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1. Contact the Hospital
I know, scary. It feels like walking into the principal’s office because you’ve done something “bad.” These feelings are normal.
Many people suffer from anxiety at the thought of calling a hospital’s billing department. However, this is the first and best step you can take to get rid of your hospital debt. Having an open dialogue with the hospital staff shows them you are concerned about your debt, and you are willing to work on a plan to eliminate it.
2. Ask About Payment Plans and Discounts
Many hospitals will offer payment plans and even discounts if you simply ask. For example, if you’re able to pay only $100 a month toward your bills, tell them and see if they can work with you.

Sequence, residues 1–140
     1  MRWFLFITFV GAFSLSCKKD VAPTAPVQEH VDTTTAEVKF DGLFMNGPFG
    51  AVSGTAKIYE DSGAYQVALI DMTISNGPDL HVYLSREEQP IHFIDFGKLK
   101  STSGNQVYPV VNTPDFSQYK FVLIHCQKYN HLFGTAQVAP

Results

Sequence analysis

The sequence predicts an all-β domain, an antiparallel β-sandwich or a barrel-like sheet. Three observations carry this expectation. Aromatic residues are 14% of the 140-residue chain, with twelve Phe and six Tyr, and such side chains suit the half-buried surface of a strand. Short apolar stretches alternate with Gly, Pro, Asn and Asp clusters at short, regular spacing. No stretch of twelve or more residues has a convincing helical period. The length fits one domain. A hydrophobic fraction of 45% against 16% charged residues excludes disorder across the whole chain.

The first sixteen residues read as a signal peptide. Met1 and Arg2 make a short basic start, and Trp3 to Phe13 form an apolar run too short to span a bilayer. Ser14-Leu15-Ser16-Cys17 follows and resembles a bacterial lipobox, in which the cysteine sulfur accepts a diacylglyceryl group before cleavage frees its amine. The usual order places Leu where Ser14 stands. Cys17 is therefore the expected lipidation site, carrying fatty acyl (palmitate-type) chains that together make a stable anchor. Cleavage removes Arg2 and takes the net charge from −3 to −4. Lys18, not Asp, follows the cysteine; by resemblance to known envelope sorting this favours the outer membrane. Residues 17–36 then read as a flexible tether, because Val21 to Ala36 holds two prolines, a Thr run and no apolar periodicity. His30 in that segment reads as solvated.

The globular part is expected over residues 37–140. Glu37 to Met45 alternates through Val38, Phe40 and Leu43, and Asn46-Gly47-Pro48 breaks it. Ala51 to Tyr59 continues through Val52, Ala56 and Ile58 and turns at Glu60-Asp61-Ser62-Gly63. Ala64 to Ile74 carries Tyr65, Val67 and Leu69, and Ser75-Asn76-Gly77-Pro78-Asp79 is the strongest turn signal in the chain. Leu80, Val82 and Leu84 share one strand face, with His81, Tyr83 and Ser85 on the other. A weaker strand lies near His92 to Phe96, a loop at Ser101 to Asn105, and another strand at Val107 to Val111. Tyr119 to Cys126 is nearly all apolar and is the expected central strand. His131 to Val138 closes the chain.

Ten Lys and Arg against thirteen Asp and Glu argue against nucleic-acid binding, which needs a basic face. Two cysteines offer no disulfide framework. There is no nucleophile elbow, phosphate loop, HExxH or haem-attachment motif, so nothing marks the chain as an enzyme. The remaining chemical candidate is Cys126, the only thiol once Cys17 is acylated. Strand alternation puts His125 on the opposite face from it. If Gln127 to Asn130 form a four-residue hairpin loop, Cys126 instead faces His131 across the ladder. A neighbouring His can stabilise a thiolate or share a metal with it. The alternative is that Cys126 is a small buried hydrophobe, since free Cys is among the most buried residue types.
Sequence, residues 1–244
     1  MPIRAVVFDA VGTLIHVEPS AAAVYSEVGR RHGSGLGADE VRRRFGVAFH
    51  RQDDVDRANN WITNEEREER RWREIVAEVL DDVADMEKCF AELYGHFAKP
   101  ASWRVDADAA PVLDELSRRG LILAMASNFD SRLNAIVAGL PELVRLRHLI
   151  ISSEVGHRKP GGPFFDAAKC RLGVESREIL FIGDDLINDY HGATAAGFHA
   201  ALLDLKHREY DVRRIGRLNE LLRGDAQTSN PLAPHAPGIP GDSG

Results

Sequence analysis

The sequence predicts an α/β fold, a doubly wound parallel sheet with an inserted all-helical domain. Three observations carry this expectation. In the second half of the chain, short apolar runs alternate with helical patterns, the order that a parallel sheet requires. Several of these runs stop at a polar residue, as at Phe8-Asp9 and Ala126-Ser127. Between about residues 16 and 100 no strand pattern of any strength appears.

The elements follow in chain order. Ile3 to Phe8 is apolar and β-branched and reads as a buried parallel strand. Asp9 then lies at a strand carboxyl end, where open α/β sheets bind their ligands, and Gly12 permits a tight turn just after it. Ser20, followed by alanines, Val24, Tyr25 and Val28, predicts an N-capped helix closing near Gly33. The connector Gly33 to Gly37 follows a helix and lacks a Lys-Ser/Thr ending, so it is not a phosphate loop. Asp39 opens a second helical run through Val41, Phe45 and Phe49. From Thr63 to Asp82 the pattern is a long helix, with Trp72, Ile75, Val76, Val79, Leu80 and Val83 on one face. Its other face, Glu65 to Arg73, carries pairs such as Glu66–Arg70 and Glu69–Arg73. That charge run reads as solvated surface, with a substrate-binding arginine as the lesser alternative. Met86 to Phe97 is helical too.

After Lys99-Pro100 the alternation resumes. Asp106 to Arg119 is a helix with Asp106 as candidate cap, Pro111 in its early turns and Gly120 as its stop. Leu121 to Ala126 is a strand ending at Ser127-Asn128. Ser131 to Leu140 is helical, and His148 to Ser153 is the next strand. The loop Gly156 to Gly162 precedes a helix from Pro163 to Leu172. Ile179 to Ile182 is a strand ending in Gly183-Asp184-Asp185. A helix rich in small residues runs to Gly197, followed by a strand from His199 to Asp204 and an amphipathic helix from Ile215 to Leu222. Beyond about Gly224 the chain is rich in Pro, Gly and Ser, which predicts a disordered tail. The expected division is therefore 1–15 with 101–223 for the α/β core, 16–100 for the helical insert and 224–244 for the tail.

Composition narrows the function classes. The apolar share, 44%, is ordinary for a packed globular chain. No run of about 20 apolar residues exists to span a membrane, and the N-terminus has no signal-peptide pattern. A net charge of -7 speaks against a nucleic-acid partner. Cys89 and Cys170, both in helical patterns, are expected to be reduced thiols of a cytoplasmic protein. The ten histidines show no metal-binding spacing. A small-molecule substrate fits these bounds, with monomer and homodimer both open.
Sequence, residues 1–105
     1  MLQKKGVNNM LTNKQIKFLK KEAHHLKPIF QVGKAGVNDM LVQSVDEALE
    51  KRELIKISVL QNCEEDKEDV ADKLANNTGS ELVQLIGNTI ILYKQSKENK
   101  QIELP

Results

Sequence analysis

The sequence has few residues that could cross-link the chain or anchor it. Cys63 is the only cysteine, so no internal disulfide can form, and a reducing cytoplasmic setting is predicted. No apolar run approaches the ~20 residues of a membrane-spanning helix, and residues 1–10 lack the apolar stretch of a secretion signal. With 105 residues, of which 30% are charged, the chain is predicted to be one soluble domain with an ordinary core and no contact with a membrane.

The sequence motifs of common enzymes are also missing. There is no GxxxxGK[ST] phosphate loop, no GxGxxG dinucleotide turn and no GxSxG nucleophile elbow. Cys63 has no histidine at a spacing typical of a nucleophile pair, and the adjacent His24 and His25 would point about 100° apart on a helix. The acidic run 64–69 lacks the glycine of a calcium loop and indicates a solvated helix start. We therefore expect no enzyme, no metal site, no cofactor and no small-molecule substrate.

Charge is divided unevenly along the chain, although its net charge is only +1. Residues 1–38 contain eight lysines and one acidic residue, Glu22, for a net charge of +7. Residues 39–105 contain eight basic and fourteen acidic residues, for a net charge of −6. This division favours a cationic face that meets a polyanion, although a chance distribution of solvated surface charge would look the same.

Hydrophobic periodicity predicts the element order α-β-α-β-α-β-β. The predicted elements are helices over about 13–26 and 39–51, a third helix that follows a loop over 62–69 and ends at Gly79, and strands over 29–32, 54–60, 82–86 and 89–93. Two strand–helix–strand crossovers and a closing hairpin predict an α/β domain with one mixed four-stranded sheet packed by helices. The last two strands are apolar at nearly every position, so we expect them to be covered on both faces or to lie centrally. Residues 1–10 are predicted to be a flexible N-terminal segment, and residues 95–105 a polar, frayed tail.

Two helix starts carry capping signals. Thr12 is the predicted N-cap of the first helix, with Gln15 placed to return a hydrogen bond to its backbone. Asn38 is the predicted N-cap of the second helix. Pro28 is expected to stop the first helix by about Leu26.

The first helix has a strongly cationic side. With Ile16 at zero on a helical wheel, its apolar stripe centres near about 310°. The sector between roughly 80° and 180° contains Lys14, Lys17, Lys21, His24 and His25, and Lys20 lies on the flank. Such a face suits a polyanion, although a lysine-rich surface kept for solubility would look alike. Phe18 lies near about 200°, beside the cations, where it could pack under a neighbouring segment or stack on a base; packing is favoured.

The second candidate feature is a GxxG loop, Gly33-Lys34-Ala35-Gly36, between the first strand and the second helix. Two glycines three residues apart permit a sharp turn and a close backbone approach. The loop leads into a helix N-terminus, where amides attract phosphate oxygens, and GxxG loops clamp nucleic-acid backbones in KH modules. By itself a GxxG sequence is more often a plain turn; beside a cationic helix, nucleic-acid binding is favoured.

Prove your loyalty. If your older child was born in that hospital, or if you loyally recommend them to others, tell them, stat! You never know what information will help lower your bills.
Also ask for an itemized receipt to show you exactly what you are being charged for. If you disagree with something, you can challenge it.
3. Ask If They Will Consider a Settlement
If you have cash reserves and don’t want to set up a payment plan, you can offer a settlement to the hospital. For example, if you owe the hospital $5,000, you can tell them you have $3,000 in cash and ask if they would take that as a settlement up front.
Remember to get everything in writing. This includes the name of the person you spoke with and the details of the settlement.
Don’t send any money until you have all agreements between you and the hospital documented in writing.
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If You Don’t Understand Your Medical Bill or Want to Negotiate . . .
Financial debt resolution attorney and author of Life & Debt, Leslie H. Tayne of Tayne Law Group, P.C., has 20 years’experience in the practice area of consumer and business financial debt-related services and has laid out exactly what you should do in such a situation.